Saturday 22 October 2011

grief.com

I suppose it could be either my plain incorrect opinion or discomfort with certain areas of media/social media but the funeral of Betty Driver was given the kind of treatment that just seemed a bit of media event. I didn’t know Betty Driver, but the fact that I know nothing about her suggests that she wasn’t the kind of person to want to be in the papers for no reason; I am not suggesting there being a big funeral and people who didn’t know her attending – attending because of ‘knowing’ her through her character in Coronation Street – is wrong. There is nothing wrong with that and I am sure anyone – public or private – in nature would be flattered by large numbers of people being saddened by their life ending. But there are times when I think, is this what Twitter is for?

There were news people/companies tweeting pictures of Coronation Street cast members arriving; They were tweeting the order of service; a cast member tweeted what they were wearing as in ‘I’m wearing a YSL suit’ like someone on the red carpet at The Oscars; There was a screen outside the church so that the public could join in with the service which led to crowds joining the crowds BECAUSE it was an event rather than because there was any respect to the woman herself.

I don’t mean that anything in the previous paragraph was done with any malice or even that it was in bad taste. It just seemed a bit weird. I know she had been in a massively popular serial drama for a long time but it just seemed a bit odd. I guess that Twitter/Facebook etc are increasingly integral to the way a lot of people communicate and that it is inevitable that this will lead to all aspects of life/society being portrayed across them. It just seemed a bit odd to see the funeral of someone who was from a very different generation given the treatment of modern day mechanisms.

Ultimately there is no reason why death/grief/mourning should be judged in whatever format it takes: and I am not doing that. I am not judging anyone or anything. Merely noting that the mediaification (almost certainly not a word) of this funeral seemed a bit odd for me and that maybe some elements of it were not fitting and that people stood around with their buggies clearly looking on because people were looking at something and there was a big screen there was not how I would have imagined the funeral of someone who had no real public profile, other than the obvious, until her sad passing and that maybe it seemed to…I don’t have a verb here. All the verbs that I thought suggested something more sinister than I wanted to say. I just mean the funeral didn’t quite fit in with the life. Or something. What’s that?? There is someone at my door..Ihave to go..no, I’m not just making excuses because I’m struggling to get my point across…they are really banging hard now…got to go and get that.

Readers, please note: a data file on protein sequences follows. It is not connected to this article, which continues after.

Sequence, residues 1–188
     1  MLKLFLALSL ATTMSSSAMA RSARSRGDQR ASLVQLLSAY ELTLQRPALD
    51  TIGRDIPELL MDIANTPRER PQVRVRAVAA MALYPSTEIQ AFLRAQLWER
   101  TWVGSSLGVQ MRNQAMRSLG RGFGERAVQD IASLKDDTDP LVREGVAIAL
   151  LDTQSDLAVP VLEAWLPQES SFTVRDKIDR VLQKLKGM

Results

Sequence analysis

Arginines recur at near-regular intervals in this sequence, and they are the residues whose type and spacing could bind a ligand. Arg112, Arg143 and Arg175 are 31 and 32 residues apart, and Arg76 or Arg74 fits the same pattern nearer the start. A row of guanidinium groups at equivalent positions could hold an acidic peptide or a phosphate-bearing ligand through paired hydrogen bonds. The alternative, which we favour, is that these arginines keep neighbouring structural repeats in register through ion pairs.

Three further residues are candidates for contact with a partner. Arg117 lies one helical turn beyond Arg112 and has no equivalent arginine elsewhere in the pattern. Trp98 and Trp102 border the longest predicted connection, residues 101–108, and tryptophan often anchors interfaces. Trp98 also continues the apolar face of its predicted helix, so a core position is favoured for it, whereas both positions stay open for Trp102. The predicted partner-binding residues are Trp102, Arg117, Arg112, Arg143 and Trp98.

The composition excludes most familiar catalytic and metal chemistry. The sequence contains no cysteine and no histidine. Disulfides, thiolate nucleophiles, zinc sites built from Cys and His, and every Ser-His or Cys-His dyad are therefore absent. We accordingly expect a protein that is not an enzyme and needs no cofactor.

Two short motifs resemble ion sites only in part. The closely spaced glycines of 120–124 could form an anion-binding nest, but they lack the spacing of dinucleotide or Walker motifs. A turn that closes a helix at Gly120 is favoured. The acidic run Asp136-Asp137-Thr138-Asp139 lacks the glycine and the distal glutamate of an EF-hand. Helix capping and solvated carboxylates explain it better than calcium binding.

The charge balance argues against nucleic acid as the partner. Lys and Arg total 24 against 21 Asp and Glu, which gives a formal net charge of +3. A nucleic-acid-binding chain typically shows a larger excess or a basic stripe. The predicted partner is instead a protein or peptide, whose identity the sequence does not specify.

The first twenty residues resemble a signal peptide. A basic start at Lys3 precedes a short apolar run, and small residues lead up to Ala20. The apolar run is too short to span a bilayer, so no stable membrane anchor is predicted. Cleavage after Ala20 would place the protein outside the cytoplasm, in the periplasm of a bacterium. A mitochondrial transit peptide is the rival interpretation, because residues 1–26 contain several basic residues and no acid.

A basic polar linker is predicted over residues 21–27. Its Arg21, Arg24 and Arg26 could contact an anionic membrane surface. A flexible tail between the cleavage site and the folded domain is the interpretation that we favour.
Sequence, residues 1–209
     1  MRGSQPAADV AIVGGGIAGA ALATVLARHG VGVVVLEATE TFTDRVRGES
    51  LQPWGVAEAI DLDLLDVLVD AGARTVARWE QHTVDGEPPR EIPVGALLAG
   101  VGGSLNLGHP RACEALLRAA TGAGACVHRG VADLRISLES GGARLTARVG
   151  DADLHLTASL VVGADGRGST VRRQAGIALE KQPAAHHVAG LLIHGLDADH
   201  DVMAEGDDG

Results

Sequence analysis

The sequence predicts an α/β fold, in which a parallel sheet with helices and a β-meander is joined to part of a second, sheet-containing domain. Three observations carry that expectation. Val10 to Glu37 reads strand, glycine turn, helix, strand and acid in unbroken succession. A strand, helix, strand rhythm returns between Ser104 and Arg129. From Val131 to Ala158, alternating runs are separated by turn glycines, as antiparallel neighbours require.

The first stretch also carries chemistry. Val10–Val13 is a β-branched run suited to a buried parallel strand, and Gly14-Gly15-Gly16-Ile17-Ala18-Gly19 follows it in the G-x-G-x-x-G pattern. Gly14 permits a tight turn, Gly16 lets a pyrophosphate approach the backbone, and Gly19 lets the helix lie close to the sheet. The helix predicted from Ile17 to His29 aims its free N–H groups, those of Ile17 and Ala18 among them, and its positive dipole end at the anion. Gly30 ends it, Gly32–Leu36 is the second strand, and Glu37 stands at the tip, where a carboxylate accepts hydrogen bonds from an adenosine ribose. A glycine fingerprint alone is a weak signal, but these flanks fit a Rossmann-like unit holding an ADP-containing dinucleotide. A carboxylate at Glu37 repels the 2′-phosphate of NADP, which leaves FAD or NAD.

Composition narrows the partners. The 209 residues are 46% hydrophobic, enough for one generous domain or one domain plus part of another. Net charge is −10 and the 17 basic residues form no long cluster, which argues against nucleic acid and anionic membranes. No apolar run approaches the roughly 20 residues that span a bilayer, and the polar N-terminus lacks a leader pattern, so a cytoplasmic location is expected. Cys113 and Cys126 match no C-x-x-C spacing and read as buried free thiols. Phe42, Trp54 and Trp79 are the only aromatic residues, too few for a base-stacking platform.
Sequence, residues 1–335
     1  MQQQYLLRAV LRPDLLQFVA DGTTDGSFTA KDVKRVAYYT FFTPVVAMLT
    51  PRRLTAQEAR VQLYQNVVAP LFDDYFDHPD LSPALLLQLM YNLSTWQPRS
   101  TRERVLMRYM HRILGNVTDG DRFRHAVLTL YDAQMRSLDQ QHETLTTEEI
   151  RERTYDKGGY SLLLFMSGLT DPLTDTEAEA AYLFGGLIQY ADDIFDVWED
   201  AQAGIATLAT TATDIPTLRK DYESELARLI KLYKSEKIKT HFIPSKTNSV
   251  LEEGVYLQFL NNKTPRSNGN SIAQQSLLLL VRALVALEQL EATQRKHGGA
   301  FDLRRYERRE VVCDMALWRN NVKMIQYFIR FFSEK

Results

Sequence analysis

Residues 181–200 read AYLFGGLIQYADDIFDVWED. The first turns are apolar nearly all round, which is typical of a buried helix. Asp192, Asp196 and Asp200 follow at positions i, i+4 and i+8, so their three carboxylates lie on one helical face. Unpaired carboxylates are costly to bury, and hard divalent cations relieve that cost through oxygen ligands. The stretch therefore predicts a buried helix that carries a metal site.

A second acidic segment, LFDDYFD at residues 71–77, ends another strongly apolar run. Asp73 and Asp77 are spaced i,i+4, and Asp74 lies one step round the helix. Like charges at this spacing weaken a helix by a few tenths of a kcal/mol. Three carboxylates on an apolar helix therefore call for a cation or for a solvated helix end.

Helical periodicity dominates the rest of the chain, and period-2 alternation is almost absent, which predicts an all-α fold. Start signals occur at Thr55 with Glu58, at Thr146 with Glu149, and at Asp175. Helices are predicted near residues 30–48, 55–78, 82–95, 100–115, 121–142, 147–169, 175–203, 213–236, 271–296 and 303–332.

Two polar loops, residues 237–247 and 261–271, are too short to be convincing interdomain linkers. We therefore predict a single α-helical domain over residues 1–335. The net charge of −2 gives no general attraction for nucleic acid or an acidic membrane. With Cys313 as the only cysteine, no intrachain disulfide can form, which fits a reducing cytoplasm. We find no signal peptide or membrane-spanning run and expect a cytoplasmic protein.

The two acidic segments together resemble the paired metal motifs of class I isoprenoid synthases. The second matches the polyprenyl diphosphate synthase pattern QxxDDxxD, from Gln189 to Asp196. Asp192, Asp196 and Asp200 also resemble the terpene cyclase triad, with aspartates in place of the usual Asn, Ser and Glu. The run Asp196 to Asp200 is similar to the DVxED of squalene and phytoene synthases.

More bile*

We went to the Royal Exchange to see a great play this afternoon: it was part of A Play, A Pie and a Pint¹. Two phones went off during the play. The woman next to me. And the woman next to her (this isn’t me confirming a sex change, I meant to the side of her the other way) about 15 minutes after her friends. It’s not hard to switch your phone to silent? Why are people so careless at times. Not for one moment do I think that either woman thought ‘fuck it, I’m leaving my phone on – if it goes off it goes off’. But that doesn’t make it alright does it? You are reminded to switch your phone off on your way in/at the start of communal gatherings of shared entertainment.

I know everyone makes mistakes. But making a mistake of not sorting your phone out when you are asked at least once to remember to do it is a bit bad. It should just be common sense anyway. I would be more forgiving but both of them made it worse by taking ages to get to the phones in their bags. And by opening the bags the ringing got a lot louder. The second woman, after stopping the ringing – that had progressed from ringing to a weird electric voice, then sent a text message – with associated screen lighting up and tapping noises. I am sure it didn’t bother many people in the room but it was in my peripheral vision (the screen – I don’t see noise, but I could HEAR the noise). I would have been too mortified to extend my behaviour to anything which could be seem insensitive to fellow audience members. Let alone to the actors doing their fucking work a few feet away.

It certainly didn’t overshadow a really good and enjoyable play. It was just annoying and not hard to avoid.

*It sounds like mobile – you see? And being angry about something is associated with bile.

¹It was really rather good, Dig (the pley) and you get a pint and pie. Why not treat yourself? It’s on until the 5th of November.

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